GLENDALE, Ariz. -- A daily review of the hot topics coming out of Arizona Cardinals training camp:
Arizona’s first day of training camp provided a few highlight-worthy moments for fans but it finished without any major newsworthy events. The practice appeared to be injury free but we’ll know more Sunday morning when Cardinals coach Bruce Arians addresses the media. Watching camp this year will be like watching a Pro Bowl practices with the likes of cornerbacks Antonio Cromartie and Patrick Peterson matching up against receivers Larry Fitzgerald and Michael Floyd. Throughout Saturday, Cromartie showed no signs of a hip flexor injury, running stride for stride with Fitzgerald and denying the eight-time Pro Bowler a few catches. Saturday still featured its share of Fitzgerald catches.
During the first two days of media availability, offensive players have raved about how they feel “light years” ahead of last year. It showed throughout practice. Routes were clean and crisp, and quarterback Carson Palmer was hitting receivers in stride. On a few occasions, he gave individual direction before snapping the ball. There were also minimal interruptions by Arians and other coaches, a sign that the offense was executing at a higher level.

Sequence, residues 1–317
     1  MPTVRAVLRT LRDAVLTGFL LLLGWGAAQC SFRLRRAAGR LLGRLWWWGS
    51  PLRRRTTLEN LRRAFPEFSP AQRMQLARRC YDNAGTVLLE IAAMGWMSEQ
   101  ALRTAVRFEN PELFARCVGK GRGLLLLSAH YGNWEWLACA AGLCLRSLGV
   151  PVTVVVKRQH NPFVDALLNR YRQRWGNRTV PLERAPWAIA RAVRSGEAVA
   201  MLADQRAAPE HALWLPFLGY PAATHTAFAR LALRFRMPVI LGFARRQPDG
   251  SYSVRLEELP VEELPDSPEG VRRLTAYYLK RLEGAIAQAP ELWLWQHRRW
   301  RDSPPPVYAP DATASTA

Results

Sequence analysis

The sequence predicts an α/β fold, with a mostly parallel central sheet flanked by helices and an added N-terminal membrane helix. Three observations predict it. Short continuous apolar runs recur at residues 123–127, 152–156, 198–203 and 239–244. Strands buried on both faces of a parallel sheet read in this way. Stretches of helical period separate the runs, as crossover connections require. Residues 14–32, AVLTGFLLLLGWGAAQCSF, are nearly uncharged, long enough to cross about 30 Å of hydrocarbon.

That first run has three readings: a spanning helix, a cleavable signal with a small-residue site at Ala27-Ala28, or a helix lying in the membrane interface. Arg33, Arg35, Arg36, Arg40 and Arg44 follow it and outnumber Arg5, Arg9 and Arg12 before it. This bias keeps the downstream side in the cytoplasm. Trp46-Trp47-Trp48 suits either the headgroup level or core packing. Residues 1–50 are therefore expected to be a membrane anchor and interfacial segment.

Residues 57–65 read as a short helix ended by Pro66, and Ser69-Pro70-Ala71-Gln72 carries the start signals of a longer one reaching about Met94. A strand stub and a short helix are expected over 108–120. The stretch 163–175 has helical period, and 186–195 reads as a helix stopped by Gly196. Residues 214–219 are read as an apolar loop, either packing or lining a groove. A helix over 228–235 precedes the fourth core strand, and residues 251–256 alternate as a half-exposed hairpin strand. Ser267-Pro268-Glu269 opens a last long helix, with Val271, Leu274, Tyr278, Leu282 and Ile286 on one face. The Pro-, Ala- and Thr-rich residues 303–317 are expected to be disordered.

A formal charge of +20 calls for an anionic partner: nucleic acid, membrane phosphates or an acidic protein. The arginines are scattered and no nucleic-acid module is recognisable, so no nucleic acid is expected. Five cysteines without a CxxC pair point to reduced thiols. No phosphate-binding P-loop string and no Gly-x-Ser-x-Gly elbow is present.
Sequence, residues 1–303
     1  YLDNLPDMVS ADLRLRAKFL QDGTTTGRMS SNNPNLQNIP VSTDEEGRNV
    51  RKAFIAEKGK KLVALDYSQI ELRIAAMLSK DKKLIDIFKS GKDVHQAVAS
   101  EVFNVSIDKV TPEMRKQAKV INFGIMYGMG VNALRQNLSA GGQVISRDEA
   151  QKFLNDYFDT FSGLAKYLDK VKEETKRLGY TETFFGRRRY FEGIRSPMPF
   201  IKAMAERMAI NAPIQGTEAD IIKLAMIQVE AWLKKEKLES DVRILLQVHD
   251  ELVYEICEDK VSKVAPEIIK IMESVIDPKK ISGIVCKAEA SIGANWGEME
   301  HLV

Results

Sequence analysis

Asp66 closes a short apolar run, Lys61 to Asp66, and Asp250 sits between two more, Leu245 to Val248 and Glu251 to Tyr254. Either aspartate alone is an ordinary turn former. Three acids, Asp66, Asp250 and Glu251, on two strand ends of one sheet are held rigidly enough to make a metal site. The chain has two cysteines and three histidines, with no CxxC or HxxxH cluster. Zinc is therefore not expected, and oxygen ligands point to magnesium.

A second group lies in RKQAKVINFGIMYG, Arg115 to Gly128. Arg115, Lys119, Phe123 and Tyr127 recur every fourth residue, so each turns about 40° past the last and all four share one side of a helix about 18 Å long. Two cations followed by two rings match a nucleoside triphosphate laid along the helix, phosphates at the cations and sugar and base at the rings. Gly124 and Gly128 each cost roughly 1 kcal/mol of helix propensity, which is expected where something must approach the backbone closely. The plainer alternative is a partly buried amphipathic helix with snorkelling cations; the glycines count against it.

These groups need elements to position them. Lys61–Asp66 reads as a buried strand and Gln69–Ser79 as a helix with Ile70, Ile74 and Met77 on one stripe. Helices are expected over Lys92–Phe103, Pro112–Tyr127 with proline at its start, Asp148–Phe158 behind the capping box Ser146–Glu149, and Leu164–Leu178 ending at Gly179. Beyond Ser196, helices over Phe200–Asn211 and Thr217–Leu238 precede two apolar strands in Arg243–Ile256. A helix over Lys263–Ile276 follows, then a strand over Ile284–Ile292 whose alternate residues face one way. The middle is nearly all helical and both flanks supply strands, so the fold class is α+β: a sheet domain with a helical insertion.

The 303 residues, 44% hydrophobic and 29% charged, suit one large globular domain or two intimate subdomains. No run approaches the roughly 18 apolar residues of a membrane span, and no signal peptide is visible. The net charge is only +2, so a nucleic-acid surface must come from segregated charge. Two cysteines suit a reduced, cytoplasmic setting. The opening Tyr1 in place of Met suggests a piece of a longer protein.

When safety Tyrann Mathieu emerged from the bowels of University of Phoenix Stadium, where he was going through a rehab workout, and walked onto the field about an hour into practice, the crowd gave its bigger cheer of the afternoon. The Honey Badger acknowledged it with a wave.
Right tackle Bobby Massie and right guard Paul Fanaika spent the entire practice working with the first team. Sunday will tell if Arians plans on rotating in Bradley Sowell at tackle and Earl Watford at guard, giving them both reps with the starters. Both lined up with the second team Saturday.
It was only Day 1 but some of the rookies looked like rookies in their first training camp practice. Logan Thomas began the day working ahead of Ryan Lindley as the second-string quarterback. Throughout the course of the day his accuracy declined, as some passes hit the ground short of the receiver toward the end of practice while others sailed high. The velocity on some of Thomas' passes at times was too much for some receivers to handle.